Classroom of smiling primary school children.

Teach disabled pupils and pupils with special educational needs

Most disabled pupils and pupils with special educational needs learn in mainstream schools.

No matter what settings you train and work in – whether it’s mainstream schools, special schools, or both – you’ll work with pupils with complex needs.

You can find a course which specialises in special educational needs and disability (SEND)(opens in new window) if you have a particular interest in this area.

However, it’s not essential to do a course specialising in SEND.

As you train and teach you’ll get the skills you need to work with disabled pupils and pupils with special educational needs.

This will enable you to work in a range of settings throughout your career.

Teach pupils with sensory impairments

You need specific qualifications to teach a class of pupils with hearing impairments, vision impairments or multi-sensory impairments(opens in new window).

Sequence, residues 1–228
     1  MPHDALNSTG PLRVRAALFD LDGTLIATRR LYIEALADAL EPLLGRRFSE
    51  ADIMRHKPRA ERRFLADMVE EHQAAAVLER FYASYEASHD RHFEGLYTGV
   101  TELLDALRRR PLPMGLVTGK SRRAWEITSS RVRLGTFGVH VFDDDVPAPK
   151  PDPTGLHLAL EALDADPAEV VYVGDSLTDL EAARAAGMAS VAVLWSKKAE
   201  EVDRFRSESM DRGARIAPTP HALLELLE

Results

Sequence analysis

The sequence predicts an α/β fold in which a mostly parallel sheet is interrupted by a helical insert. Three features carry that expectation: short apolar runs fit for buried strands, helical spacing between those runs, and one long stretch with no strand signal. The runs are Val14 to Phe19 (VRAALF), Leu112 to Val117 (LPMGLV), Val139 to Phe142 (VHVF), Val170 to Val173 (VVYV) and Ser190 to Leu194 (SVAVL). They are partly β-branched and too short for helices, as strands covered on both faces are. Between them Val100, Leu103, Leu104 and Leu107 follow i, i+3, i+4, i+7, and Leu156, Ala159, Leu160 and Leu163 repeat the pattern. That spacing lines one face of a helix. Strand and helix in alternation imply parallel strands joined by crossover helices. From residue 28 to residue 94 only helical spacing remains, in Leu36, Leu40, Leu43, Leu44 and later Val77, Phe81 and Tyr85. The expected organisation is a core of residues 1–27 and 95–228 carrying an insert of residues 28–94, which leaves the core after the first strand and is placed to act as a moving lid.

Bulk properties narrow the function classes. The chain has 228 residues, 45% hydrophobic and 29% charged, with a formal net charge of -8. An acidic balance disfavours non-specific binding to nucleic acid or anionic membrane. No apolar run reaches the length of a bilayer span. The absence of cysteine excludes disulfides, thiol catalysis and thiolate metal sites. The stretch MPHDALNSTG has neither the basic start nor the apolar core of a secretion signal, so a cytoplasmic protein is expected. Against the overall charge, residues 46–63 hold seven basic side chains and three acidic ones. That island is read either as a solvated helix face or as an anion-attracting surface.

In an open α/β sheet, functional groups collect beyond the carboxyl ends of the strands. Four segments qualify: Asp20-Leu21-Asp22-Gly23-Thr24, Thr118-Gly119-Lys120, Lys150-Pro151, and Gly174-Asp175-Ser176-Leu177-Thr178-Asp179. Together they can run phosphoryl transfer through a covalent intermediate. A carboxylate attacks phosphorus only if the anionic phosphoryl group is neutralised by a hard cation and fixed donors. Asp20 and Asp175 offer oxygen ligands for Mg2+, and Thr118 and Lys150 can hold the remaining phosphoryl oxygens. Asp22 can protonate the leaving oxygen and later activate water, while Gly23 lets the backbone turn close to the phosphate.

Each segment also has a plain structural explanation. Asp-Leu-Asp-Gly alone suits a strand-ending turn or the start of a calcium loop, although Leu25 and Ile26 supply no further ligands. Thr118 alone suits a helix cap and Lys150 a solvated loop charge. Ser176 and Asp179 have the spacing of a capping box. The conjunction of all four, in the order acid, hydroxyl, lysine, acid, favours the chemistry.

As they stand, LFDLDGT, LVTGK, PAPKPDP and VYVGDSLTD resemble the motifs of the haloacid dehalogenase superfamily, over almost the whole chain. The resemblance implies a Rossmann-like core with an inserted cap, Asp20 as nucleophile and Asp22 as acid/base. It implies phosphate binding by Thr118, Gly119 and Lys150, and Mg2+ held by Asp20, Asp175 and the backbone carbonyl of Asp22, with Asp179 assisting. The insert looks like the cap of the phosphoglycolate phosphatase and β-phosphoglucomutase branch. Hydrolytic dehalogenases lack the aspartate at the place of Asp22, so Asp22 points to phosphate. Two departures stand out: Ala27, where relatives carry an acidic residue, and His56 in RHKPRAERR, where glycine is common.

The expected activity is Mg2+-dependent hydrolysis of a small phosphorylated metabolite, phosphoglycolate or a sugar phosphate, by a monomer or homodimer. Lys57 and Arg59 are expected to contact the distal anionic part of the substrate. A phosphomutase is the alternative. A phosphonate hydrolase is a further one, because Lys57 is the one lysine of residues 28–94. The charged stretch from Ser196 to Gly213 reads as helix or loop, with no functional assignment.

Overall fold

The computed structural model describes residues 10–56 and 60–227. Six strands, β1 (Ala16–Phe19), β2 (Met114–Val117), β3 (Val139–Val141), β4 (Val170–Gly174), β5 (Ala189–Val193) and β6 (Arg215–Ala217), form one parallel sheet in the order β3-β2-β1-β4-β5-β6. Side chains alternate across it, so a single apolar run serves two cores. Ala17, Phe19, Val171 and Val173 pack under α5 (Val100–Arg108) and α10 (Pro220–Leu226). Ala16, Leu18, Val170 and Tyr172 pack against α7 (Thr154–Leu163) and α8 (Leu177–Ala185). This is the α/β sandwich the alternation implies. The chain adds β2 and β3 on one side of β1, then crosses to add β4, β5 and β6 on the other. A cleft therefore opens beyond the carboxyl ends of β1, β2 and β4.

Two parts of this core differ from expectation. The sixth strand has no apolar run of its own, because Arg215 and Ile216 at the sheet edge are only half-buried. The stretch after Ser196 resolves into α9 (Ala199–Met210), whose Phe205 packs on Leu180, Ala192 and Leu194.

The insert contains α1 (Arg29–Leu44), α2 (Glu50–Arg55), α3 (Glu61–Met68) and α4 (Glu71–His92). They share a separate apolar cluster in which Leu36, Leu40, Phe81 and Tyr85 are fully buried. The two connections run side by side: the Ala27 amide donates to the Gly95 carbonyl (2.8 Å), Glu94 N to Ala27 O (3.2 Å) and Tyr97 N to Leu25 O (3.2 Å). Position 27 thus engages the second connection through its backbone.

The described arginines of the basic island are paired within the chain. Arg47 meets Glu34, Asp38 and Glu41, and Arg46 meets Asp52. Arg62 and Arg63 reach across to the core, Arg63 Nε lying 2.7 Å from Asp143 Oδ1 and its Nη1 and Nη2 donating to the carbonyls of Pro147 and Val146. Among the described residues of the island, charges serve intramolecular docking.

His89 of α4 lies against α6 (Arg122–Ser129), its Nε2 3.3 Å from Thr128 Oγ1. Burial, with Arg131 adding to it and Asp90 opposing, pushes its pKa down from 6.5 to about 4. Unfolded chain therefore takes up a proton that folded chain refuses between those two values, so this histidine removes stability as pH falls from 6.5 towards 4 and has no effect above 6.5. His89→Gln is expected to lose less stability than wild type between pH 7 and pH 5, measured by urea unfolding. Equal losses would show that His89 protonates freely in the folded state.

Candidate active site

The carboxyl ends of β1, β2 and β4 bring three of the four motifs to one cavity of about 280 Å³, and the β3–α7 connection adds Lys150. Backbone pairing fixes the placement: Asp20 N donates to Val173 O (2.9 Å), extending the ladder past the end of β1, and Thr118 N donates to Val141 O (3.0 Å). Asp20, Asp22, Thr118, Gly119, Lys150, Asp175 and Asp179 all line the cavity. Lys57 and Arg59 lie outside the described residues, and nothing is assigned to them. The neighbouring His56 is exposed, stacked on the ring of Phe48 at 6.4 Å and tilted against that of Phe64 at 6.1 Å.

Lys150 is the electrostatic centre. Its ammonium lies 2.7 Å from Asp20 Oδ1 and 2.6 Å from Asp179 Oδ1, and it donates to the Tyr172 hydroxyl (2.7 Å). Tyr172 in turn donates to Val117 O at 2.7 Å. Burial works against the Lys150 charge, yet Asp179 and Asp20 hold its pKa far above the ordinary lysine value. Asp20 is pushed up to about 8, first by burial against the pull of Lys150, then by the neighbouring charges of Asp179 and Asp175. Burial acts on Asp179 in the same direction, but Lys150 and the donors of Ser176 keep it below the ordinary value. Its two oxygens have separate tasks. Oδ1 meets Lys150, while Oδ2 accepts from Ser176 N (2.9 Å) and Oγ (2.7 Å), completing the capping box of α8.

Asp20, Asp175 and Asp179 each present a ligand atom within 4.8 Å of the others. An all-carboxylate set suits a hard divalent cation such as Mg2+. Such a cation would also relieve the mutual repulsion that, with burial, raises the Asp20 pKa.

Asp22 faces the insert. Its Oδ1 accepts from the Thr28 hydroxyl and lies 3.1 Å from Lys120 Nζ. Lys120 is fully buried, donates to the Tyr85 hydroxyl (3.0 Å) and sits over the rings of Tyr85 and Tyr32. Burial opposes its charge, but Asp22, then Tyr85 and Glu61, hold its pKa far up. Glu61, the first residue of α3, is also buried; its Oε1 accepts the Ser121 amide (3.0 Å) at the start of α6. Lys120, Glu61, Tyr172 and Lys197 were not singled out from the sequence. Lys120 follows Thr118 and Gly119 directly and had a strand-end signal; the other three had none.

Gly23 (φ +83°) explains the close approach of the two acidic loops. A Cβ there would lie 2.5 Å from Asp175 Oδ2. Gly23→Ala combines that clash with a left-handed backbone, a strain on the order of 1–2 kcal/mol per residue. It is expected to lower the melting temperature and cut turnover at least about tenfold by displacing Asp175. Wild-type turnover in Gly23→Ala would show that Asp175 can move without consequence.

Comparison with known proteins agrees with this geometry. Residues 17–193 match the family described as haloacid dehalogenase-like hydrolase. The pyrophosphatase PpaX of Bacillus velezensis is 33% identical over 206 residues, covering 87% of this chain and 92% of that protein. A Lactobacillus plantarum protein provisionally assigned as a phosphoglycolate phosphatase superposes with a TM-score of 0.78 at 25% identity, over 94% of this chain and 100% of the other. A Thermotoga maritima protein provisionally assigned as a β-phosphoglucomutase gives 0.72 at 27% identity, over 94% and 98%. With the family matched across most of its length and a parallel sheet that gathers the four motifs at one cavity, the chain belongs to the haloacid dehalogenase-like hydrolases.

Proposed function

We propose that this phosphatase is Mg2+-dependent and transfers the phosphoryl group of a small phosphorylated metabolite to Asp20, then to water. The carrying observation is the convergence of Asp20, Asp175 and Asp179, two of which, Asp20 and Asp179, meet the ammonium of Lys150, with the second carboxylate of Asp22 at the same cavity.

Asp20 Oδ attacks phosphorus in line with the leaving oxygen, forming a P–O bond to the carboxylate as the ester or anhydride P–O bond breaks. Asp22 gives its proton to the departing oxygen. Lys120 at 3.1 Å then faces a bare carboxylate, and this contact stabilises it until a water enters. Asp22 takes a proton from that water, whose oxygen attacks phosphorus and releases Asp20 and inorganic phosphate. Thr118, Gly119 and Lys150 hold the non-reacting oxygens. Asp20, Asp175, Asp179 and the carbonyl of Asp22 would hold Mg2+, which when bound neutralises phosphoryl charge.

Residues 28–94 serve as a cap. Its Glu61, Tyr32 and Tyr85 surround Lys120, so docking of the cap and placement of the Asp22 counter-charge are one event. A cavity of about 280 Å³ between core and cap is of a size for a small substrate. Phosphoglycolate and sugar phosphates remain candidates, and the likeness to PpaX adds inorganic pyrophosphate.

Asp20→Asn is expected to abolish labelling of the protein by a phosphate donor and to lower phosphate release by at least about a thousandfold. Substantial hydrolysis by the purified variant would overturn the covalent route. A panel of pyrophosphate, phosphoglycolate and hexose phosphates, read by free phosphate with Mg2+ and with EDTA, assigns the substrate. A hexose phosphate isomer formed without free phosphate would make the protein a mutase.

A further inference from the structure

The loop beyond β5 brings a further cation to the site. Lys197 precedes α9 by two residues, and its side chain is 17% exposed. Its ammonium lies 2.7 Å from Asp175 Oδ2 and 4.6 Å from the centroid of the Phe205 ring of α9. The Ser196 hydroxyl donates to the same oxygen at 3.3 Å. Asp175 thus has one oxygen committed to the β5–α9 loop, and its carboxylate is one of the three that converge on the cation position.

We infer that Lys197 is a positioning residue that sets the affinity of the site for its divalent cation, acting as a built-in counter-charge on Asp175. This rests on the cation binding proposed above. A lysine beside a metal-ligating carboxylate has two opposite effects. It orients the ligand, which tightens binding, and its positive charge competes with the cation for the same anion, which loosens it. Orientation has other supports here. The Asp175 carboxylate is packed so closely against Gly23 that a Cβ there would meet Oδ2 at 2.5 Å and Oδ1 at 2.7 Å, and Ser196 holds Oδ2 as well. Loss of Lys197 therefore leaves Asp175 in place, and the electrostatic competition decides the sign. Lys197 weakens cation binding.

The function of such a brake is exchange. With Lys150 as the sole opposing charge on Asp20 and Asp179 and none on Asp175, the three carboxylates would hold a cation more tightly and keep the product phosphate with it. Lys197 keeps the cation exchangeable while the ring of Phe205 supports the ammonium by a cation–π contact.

Become a special educational needs coordinator

A special educational needs coordinator (SENCO) assesses, plans and monitors the progress of disabled pupils and pupils with special educational needs.

Once you’re a qualified teacher you’ll need to complete the National Award in Special Educational Needs Coordination (NASENCo)(opens in new window) when you take up your SENCO post.

A teacher training adviser can help support your application for teacher training, including funding, personal statements and finding the right course for you.